Lillian Susan Thomas
Their broken limbs are stacked
The way firewood is piled
And lie covered with a pale snow-like powder.
These manikins with damaged eyes staring glassily
Fill a deserted warehouse
That a friend inherited from her grandfather.
And she and I just had to go exploring.
This surreal scene reminds me of old war newsreels
Headed, “Liberating Auschwitz.”
I shudder and sneeze; dust floats in the air
As ash from the ovens must have risen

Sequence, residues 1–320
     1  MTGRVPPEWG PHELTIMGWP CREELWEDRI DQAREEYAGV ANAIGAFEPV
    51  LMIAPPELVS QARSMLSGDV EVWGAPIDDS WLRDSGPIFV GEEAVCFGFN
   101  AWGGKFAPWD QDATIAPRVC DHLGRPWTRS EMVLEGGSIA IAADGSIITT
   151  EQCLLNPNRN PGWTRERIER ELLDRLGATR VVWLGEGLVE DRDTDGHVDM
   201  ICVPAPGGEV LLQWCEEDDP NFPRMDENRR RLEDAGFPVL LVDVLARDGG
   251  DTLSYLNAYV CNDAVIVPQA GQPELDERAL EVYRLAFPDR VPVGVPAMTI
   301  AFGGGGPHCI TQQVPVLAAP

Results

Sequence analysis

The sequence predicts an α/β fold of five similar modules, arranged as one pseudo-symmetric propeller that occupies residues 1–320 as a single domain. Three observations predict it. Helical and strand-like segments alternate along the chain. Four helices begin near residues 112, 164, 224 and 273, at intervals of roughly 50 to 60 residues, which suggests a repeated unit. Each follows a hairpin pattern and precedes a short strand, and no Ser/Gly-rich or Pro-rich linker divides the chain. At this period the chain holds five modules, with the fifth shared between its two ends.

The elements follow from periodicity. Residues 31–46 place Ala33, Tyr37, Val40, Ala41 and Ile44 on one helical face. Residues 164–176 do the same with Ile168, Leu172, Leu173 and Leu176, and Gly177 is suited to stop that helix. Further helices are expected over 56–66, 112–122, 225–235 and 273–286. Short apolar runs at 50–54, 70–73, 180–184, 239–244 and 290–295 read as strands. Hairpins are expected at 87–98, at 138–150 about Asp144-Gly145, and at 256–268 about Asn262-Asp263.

Out of crematorium chimneys
And fallen back to earth in big flakes,
Blanketing everything with the deaths of millions.
I escape my thoughts and the choking musty rooms
For fresh air and sunlight.
A dusty hand reaches for mercy
And catches my shawl's fringe.
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Poet's Notes about The Poem
Comments about this poem (*Manikins by Lillian Susan Thomas )
The Road Not Taken
If You Forget Me
Still I Rise
Edgar Allan Poe
Stopping by Woods on a Snowy Evening
I Know Why The Caged Bird Sings
William Ernest Henley